Pad Your Pockets by Farming Christmas Trees

Christmas Tree Farming by High Country Christmas Trees

There are all kinds of farms popping up around the country and the rest of the world. It seems as if there is a unique option for every beginning farm that wishes to stick their toe in the water. Perhaps you want to raise goats or beef cattle. Maybe growing crops is more your style. It could even be that your preference lies in growing trees…Christmas trees, that is.

Strange though it may sound from a farmer’s perspective, Christmas trees are actually a lucrative crop. If you drive around your town, chances are you’ll see at least one temporary tent or structure erected somewhere out of which Christmas trees are being sold. At that tent, you will also see people waiting to pick out their perfect tree, and when they do, they will fork over quite a bit of cash to get it. Someone somewhere grew that tree and is making a profit off of it, so why not let that someone be you?

Christmas trees are a low maintenance crop that truly require little work in order to get years of return. Although it does take several years to see the first return on investment, if you plant annually, you will continue to have money coming in to support your family or other farming efforts. It takes about eight years for a tree to mature to 5-8 feet in height, which is ideal for most family Christmas trees. On a single acre, you can grow up to about 1,600 trees with each one being allowed ample room to grow, and that acre can be on a gently sloping hillside or other less than ideal farmland. Based on the eight year maturity rate, simply break that acre of land down into eight sections and plant one every year to keep yourself in continuous Christmas trees.

If you’re looking for a profitable cash crop for your small acreage, consider growing Christmas trees. They are a low maintenance crop, ideal for a spare time project, and can produce a good income for years to come. By planting a portion of your acreage with new trees each year, it will provide a steady income as the trees mature in an average of eight years and are harvested and re-planted. Simply give each tree a growing space of 5’ by 5’ and they should grow uninhibited. Young trees will need to be sheared for shape and the area around them mowed, but these are tasks you can complete yourself and do not require a staff or the purchase of a lot of new, expensive equipment to complete. However, you can further save time by planting Douglas Fir trees which hold their natural cone shape quite nicely.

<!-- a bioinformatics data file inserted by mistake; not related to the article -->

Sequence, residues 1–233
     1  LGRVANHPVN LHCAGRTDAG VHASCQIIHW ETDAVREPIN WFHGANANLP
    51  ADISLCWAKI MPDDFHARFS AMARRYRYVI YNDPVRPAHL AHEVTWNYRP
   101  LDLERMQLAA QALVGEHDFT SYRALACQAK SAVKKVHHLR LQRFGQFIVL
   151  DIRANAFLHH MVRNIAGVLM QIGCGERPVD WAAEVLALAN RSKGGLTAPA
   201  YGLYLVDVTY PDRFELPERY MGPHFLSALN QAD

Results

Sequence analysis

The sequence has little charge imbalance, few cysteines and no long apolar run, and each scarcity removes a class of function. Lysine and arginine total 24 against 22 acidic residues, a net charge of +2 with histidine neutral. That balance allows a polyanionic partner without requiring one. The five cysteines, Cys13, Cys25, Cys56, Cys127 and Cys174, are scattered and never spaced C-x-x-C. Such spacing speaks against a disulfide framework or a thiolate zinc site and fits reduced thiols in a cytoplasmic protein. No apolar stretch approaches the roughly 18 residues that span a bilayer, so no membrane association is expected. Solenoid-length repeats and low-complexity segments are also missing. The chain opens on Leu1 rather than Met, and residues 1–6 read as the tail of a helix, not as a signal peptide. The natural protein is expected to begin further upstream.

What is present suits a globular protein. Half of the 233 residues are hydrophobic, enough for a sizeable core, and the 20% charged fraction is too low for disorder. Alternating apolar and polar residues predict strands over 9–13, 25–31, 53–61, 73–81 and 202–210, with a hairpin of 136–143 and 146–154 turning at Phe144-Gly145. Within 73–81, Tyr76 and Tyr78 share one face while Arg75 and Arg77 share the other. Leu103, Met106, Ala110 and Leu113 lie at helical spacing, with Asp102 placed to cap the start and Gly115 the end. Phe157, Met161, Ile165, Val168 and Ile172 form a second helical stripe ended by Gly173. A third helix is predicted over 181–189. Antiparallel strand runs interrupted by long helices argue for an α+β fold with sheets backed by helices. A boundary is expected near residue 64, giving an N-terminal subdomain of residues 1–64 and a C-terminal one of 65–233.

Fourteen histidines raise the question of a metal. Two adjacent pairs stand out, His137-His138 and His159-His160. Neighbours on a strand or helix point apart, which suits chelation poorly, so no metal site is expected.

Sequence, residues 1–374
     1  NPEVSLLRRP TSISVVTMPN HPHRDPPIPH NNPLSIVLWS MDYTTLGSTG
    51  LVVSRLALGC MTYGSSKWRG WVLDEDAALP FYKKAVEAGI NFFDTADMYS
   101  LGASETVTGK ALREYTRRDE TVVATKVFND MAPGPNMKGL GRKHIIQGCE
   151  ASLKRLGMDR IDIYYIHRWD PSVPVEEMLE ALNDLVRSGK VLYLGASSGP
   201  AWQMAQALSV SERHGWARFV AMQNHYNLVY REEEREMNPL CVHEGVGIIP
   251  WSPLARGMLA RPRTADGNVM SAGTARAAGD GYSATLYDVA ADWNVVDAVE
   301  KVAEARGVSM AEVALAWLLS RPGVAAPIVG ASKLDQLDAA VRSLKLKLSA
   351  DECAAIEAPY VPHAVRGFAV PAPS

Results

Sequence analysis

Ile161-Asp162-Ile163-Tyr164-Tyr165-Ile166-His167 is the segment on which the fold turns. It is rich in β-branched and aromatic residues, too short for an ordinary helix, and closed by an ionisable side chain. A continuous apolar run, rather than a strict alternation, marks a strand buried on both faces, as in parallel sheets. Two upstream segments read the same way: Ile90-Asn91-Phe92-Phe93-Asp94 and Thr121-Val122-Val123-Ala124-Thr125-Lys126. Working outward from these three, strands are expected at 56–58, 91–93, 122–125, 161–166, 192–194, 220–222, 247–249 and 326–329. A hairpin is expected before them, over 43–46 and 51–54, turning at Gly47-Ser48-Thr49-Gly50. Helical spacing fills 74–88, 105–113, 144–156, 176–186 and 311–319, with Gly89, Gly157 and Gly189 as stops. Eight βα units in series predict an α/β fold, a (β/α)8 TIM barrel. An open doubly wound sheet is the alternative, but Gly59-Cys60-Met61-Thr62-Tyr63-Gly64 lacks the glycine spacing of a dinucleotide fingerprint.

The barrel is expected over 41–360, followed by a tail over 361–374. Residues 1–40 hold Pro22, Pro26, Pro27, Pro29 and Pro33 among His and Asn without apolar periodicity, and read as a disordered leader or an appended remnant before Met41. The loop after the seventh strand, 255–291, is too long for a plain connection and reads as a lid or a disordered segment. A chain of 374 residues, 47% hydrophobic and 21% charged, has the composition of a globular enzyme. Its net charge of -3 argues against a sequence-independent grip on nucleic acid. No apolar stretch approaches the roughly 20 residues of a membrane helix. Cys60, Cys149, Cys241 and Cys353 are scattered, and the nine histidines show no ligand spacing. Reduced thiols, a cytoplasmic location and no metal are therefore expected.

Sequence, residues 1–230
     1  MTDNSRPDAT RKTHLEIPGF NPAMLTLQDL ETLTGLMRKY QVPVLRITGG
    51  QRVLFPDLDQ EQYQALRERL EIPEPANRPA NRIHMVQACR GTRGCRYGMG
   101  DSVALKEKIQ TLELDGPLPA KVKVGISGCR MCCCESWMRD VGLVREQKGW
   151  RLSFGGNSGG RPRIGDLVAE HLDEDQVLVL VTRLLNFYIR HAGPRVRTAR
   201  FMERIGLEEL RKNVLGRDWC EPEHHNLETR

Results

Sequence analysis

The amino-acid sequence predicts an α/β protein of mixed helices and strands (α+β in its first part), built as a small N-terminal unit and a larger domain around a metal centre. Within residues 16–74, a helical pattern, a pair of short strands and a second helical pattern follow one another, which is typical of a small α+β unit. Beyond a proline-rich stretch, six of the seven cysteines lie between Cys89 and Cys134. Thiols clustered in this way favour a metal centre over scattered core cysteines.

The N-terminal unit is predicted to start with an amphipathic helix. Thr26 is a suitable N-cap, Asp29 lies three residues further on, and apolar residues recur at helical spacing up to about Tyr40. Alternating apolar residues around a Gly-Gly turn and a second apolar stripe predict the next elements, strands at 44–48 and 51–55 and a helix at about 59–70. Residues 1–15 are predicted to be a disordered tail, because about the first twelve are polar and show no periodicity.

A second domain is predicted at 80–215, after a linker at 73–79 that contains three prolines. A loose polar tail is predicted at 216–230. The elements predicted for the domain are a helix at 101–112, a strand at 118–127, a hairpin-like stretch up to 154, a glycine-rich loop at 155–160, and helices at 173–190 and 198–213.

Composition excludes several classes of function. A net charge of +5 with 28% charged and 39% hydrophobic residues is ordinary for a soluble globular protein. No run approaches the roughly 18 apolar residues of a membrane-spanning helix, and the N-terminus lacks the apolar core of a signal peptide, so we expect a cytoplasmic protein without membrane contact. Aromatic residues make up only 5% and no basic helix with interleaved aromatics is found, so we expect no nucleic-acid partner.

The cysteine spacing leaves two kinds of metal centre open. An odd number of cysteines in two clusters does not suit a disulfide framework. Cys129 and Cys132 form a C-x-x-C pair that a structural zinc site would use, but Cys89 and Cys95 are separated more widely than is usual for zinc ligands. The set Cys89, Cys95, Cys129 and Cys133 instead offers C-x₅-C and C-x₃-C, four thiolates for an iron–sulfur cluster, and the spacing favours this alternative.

When your trees are nearing maturity, you will need to make a decision regarding the type of harvest you will conduct. Some Christmas tree farms allow people to choose and cut their own while others haul them into town and sell them out of a roadside tent. The price of your trees will depend in large part on your choice. If you allow people to come cut their own, the price per tree would be less than if you were to cut them down and bring them to a central location. Other factors to continue include the liability of having people on your property cutting down trees versus renting a structure to store them safely should you choose to sell out them in a town somewhere. Also possible with a sales location is waste; you may cut more than you end up selling whereas if people come to cut their own, there is no waste because nothing is cut until sold.

The price of trees does vary. Based on the 1,600 trees per acre plan and a harvest of 1/8 of that each year to make a full eight year cycle, that amounts to a couple hundred trees to sell each year. On average, trees that are cut by the purchasers hover around $50 with some being more and others being less. For those purchased elsewhere, that cost average is closer to $100. Services such as flocking and hot cocoa for sale can boost income as well.

The bottom line when it comes to Christmas tree farming is that you can sell a couple hundred trees annually and make close to or in excess of $10,000 depending on how you and where you choose to sell. That is a nice little chunk of change to pad your pockets each year that will help support the rest of your farming efforts. If you have an acre to spare that is not being otherwise utilized, give yourself the gift of Christmas all around and plant some Christmas trees!

2 Comments on Pad Your Pockets by Farming Christmas Trees

  1. I’m interested in tree farming on a 20 acre parcel that needs scrub pine removed first,Is this a pulp or paper mill staple?Also interested in establishing a hardwood forest for small scale timber production

    • Interesting David. Unfortunately beyond my area of expertise. I would suggest that you try to find an Extension Specialist in forestry in your state. These people are usually housed at the Land Grant University in your state. You can also go through your County Extension Office to find information.

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